The reason I ask these questions, of course, is not only to explore the need to identify and learn from the differences among books, but to think about approaching writing as a new author.

Lan Samantha Chang

For a new author, the smartest thing is not to think about what it is you’re writing, not to try to put it into a preexisting category, but look into yourself and find what you think is most powerful to you, most important to you. And then write from there. All of that other stuff will come in time. Establishing the connection — establishing, discovering, and developing one’s own preoccupation — seems more important to me than looking outside of self.

William H. Coles

And what’s important to you in terms of how to live?

Lan Samantha Chang

I suppose it’s about how to live. But also it relates to emerging writers and developing writers. I think about it all the time.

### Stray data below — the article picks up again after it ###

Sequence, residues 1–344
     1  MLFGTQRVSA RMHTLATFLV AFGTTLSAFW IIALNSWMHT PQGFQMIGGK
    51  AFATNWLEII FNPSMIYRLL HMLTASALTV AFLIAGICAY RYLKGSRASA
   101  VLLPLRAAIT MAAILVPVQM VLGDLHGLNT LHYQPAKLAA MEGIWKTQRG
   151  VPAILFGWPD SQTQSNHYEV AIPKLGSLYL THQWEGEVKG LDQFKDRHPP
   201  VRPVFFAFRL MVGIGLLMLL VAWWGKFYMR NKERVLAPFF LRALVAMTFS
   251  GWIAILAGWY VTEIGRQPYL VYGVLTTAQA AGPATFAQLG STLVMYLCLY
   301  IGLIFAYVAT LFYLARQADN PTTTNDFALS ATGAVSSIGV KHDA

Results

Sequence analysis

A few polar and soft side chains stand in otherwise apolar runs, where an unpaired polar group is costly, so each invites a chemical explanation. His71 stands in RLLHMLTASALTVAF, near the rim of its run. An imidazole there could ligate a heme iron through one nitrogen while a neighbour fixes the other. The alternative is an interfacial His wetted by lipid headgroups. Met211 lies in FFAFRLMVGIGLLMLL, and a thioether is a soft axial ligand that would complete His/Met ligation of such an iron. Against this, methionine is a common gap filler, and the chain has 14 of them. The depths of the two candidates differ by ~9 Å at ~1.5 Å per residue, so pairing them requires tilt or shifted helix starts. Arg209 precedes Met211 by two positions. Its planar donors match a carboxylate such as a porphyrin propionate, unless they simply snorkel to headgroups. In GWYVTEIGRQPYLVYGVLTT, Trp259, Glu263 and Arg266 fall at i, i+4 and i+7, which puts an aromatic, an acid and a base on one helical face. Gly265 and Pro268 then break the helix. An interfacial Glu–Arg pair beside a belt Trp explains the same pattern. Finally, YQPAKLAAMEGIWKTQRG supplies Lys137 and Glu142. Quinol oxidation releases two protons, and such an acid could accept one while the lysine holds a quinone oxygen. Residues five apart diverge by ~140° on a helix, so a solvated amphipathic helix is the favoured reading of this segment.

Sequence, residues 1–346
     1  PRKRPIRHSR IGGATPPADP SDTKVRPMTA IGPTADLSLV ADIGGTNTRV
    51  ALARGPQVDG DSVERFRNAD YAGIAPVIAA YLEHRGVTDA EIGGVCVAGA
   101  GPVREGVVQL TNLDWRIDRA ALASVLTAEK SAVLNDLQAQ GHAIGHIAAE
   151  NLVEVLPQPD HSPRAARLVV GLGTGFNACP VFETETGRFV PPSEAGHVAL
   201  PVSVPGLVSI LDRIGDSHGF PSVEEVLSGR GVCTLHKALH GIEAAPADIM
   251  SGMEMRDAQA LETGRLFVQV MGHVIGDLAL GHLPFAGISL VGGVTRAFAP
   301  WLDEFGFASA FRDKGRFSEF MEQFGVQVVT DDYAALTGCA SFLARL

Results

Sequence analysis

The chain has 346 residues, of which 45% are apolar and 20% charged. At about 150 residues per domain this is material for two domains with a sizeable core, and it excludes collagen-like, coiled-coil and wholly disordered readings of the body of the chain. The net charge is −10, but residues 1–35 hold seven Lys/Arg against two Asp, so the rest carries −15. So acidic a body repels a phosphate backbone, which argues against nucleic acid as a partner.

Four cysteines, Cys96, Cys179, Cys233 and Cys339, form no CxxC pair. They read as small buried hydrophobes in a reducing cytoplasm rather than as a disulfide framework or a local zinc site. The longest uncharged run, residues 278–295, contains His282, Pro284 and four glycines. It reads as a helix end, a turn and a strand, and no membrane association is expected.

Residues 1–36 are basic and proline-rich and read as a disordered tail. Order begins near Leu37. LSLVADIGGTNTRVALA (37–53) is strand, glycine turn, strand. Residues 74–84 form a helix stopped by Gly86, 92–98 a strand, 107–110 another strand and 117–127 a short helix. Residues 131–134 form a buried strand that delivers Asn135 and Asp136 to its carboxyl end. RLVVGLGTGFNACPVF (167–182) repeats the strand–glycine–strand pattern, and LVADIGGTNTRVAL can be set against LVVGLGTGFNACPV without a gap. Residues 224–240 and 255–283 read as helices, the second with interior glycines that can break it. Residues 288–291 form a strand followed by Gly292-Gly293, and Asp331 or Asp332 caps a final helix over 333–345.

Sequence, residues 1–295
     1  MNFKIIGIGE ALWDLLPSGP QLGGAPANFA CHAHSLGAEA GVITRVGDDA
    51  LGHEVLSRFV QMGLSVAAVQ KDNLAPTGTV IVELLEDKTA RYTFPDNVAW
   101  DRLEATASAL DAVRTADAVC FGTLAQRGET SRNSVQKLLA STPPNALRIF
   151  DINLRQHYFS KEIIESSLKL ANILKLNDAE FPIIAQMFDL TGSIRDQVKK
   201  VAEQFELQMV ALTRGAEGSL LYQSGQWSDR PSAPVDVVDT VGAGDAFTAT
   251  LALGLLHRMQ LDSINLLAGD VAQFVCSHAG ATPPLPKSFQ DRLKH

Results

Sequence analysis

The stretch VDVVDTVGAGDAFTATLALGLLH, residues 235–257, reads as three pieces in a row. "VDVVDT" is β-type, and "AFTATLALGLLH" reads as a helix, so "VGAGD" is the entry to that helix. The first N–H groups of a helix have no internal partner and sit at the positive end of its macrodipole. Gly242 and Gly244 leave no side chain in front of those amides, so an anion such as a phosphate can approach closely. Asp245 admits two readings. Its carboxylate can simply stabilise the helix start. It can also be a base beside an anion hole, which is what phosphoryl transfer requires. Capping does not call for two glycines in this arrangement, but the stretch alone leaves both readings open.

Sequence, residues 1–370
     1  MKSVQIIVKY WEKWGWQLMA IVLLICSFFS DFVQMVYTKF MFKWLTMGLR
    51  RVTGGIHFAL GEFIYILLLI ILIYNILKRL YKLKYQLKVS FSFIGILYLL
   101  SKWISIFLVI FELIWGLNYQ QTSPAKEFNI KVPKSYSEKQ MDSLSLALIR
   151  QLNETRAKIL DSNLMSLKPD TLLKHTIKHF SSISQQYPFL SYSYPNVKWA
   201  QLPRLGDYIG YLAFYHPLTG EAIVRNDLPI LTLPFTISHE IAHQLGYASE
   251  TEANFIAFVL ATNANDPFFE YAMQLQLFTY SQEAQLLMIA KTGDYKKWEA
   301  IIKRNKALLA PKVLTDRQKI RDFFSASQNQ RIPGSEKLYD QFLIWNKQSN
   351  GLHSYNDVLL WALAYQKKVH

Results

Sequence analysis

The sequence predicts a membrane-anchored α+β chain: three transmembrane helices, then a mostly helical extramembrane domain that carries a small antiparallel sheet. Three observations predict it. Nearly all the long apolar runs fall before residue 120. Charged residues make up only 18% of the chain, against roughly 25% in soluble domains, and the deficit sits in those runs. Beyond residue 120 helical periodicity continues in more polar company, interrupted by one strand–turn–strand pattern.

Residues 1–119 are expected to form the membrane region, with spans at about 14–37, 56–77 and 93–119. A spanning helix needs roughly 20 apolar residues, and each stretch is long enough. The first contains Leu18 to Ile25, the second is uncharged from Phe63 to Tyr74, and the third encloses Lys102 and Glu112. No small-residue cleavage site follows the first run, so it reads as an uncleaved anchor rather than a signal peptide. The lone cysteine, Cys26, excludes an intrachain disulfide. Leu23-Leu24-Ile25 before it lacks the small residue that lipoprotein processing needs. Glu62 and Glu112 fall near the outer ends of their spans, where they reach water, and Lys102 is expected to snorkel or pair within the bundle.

William H. Coles

How do you approach handling backstory?

Lan Samantha Chang

My attitude toward backstory has changed over time. When I first wrote fiction, I was enamored of authors such as Alice Munro, who often worked three or four or five levels of time simultaneously into one story, creating a fluid sense of time. And so I began my work with a very flexible idea about how to use time. And then over the years, as I studied, I became aware of the power of linear narrative. Then because there’s such a cultural insistence on linear narrative in so many ways, my obsession became about how and where to work in movements outside of linearity, and then also how the linear experience through life tracks or ambushes our sense of what we know and who we’ve been. In my most recent novel, All Is Forgotten, Nothing Is Lost, I was most interested in portraying the movement from youth to experience and age because it seemed to me that in the revisiting of youth with age, youth becomes so much clearer. I decided to portray that in a very linear way. There’s one huge flashback in the middle of the book. It’s necessary, and I just sort of took a deep breath and thought, okay, this is a huge flashback you’re throwing in here. Just do it.